Often, shareholders of small and midsized corporations who also serve as the governing persons of those corporations must devote so much of their time and energy to business operations that corporate formalities may be overlooked and actions taken without proper approval. An example of such a situation is the issuance by a corporation of stock in excess of the number of authorized shares included in the corporation’s Certificate of Formation, which happens more often than you would expect. Fortunately, a new amendment to the Texas Business Organizations Code (“TBOC”) provides a relatively simple remedy for the overissuance of shares by Texas corporations.
During its most recent session, the Texas legislature passed S.B. 860, which added a new Subchapter R to Chapter 21 of the TBOC effective as of September 1, 2015. Under Subchapter R, an overissuance of shares will not be void or voidable if the shares are ratified by the directors and shareholders of the corporation in accordance with Subchapter R.
First, the corporation’s directors must adopt a resolution that: (i) describes the overissuance to be ratified, including the number and type of shares that were part of the overissuance and the date(s) on which the corporation purportedly issued putative shares, (ii) explains the failure of authorization related to the issuance of the shares, and (iii) approves the ratification of the overissuance.
Second, the corporation’s shareholders must also adopt the resolution adopted by the board of directors to ratify the overissuance.
Finally, a Certificate of Validation must be filed with the Texas Secretary of State. The certificate must include a copy of the resolution adopted by the directors and shareholders as well as the dates of adoption and a statement that the resolution was adopted in accordance with Subchapter R. The Certificate of Validation must also include any provisions that would have been required by the TBOC for a filing with the Texas Secretary of State in connection with the issuance of the putative shares if the issuance had been proper and not an overissuance—in this case the provisions that would have been required in a Certificate of Amendment to increase the number of the corporation’s authorized shares.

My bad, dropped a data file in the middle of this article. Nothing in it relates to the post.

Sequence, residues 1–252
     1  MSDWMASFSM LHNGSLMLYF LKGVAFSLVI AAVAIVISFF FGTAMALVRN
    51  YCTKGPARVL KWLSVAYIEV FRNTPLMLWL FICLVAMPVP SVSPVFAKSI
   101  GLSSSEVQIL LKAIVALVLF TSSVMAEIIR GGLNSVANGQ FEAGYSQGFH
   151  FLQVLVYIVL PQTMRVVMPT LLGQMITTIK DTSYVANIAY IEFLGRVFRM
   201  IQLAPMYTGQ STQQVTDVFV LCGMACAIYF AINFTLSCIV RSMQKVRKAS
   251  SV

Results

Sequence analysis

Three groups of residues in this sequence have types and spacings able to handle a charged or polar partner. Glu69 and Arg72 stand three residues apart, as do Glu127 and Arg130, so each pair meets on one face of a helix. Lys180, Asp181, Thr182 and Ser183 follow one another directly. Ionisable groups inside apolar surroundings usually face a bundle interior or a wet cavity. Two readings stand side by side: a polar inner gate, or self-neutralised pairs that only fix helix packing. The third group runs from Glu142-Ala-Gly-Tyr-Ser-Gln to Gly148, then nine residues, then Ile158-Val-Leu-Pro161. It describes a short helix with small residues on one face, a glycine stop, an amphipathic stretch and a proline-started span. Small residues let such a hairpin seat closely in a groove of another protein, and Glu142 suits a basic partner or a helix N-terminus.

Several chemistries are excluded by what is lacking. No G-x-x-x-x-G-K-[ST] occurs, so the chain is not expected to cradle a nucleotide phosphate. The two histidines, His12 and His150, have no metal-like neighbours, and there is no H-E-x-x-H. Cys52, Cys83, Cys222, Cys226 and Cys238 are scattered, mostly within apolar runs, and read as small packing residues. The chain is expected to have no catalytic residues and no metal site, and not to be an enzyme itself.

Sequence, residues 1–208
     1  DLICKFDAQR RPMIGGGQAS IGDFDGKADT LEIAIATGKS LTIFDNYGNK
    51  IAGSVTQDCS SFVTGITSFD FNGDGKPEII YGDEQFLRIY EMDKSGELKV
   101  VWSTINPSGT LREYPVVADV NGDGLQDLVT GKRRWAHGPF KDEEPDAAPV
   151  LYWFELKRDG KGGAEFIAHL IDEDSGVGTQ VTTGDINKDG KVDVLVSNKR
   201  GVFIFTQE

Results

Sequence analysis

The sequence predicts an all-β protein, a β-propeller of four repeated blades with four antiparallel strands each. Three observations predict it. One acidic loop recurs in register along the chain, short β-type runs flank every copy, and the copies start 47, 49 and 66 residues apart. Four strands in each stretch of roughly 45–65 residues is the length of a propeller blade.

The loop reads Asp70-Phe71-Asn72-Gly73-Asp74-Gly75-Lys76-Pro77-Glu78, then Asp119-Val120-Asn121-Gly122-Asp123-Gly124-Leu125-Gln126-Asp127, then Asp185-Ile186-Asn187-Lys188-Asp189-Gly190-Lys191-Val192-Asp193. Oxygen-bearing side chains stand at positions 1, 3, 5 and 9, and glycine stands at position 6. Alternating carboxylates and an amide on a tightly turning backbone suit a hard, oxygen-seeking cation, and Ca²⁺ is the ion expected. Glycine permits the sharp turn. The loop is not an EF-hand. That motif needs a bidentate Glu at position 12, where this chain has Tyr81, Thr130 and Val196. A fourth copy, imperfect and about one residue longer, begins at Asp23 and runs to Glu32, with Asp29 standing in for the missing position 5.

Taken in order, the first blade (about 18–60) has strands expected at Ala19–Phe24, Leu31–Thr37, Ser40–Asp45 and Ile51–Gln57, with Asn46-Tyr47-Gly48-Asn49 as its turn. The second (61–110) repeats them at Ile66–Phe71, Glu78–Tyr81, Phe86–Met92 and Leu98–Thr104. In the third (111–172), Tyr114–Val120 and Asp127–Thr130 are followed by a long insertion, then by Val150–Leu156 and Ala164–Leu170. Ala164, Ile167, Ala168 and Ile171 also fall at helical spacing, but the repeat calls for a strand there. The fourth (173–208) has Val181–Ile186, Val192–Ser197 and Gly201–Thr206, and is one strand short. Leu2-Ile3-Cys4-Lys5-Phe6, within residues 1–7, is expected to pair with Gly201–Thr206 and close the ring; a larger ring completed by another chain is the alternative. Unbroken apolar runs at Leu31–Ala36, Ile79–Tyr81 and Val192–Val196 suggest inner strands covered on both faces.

Notably, no form Certificate of Validation is available on the Texas Secretary of State’s website. The Secretary of State is unlikely to promulgate such a form as the provisions required to be included in the Certificate of Validation are very fact-specific to the corporation and to the act being ratified. Accordingly, one must pay very close attention to Subchapter R to make sure that all required provisions are included in a Certificate of Validation to be filed with the Texas Secretary of State.
Significantly, Section 21.913 of the TBOC provides that the procedures outlined in Subchapter R are not the exclusive remedy for overissuances and other defective corporate acts. Nevertheless, following the steps outlined in Subchapter R seems to be the best practice for remedying an overissuance. Further, while this blog entry discusses the procedures outlined in Subchapter R only as they apply to ratifying an overissuance of stock, it is important to note that Subchapter R also may be utilized to ratify other types of corporate actions that are either void or voidable for a failure of authorization.